Genetics of Marfan Syndrome

Updated: Mar 08, 2019
  • Author: Germaine L Defendi, MD, MS, FAAP; Chief Editor: Maria Descartes, MD  more...
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Marfan syndrome (MFS) is an inherited connective tissue disorder noteworthy for its worldwide distribution, relatively high prevalence, and clinical variability. This autosomal dominant syndrome has pleiotropic manifestations involving primarily the ocular, cardiovascular, and skeletal systems. [1, 2] Classic MFS (MFS type 1, MFS1) has been considered a condition caused by the deficiency of a structural extracellular matrix protein, fibrillin-1; however, studies of Marfan mouse models and Marfan-related conditions have expanded our current understanding to a pathogenic model that involves dysregulation of cytokine-transforming growth factor beta (TGFβ) signaling. [3, 4] . Patients who have clinical findings of MFS, as well as genetic variants in the transforming growth factor-beta receptor-1 gene (TGFβR1) and the transforming growth factor-beta receptor-2 gene (TGFβR2), are designated as having MFS type 2 (MFS2). [5]



Marfan syndrome (MFS) results from heterozygous mutations in the fibrillin-1 gene (FBN1; OMIM #134797), located on chromosome 15 at band q21.1 (15q21.1), which encodes for the glycoprotein fibrillin. Fibrillin is a major building block of microfibrils, which constitute the structural components of the suspensory ligament of the ocular lens and serve as substrates for elastin in the aorta and other connective tissues. Abnormalities involving microfibrils weaken the aortic wall. Progressive aortic dilatation and eventual aortic dissection occur due to the tension caused by left ventricular ejection impulses. Likewise, deficient fibrillin deposition leads to reduced structural integrity of the lens zonules, ligaments, lung airways, and spinal dura.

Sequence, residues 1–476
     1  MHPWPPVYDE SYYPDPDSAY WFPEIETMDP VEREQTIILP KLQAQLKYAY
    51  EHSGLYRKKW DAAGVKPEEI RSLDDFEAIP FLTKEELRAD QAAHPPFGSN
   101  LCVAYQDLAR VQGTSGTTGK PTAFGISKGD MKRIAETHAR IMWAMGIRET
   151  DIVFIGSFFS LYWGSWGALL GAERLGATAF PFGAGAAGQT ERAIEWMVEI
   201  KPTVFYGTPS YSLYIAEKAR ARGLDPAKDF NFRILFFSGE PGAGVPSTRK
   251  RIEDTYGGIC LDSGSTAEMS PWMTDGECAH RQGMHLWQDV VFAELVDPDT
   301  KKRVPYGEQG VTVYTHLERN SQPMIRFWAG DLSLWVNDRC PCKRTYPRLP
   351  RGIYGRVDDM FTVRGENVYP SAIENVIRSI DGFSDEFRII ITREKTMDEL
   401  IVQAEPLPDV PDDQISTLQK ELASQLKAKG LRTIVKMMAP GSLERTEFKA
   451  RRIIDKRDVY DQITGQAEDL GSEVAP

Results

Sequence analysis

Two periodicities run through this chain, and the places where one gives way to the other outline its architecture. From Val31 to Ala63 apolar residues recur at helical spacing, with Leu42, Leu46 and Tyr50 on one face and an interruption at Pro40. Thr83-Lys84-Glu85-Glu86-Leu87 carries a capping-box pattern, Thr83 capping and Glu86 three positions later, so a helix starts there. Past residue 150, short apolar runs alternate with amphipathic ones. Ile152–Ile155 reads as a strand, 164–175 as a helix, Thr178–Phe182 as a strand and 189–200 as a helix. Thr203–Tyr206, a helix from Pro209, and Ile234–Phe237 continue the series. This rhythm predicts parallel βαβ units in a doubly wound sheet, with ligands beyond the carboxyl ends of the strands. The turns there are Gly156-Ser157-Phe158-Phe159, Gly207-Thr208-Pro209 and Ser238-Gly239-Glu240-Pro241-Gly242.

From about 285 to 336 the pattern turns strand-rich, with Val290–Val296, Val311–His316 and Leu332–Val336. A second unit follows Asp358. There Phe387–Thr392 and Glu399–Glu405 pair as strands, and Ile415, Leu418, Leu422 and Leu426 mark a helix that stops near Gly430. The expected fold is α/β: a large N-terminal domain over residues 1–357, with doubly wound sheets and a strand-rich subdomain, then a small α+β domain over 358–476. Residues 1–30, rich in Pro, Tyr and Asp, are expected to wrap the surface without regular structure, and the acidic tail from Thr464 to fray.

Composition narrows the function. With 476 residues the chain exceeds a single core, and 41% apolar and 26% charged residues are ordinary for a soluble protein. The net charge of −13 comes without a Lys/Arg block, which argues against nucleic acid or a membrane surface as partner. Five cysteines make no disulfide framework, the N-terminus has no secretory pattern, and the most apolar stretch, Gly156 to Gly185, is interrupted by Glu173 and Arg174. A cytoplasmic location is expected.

Production of abnormal fibrillin-1 monomers from the mutated gene disrupts the multimerization of fibrillin-1 and prevents microfibril formation. This pathogenetic mechanism has been termed dominant-negative because the abnormal fibrillin-1 disrupts microfibril formation (although other fibrillin genes still encode normal fibrillin). Evidence of this mechanism is shown in studies of cultured skin fibroblasts from patients with MFS who produce greatly diminished and abnormal microfibrils.

A study by Benarroch et al suggested that clinical variability in MFS may result from alternative splicing of FBN1. [6]

FBN1 mutations cause several Marfan-like disorders, such as the MASS (myopia, mitral valve prolapse, borderline and nonprogressive aortic enlargement, nonspecific skin and skeletal findings) phenotype and isolated ectopia lentis.

Studies have suggested that abnormalities in the transforming growth factor-beta (TGFβ)-signaling pathway may represent a common pathway for the development of the Marfan phenotype. [7] This gene defect ultimately leads to decreased and disordered incorporation of fibrillin into the connective tissue matrix.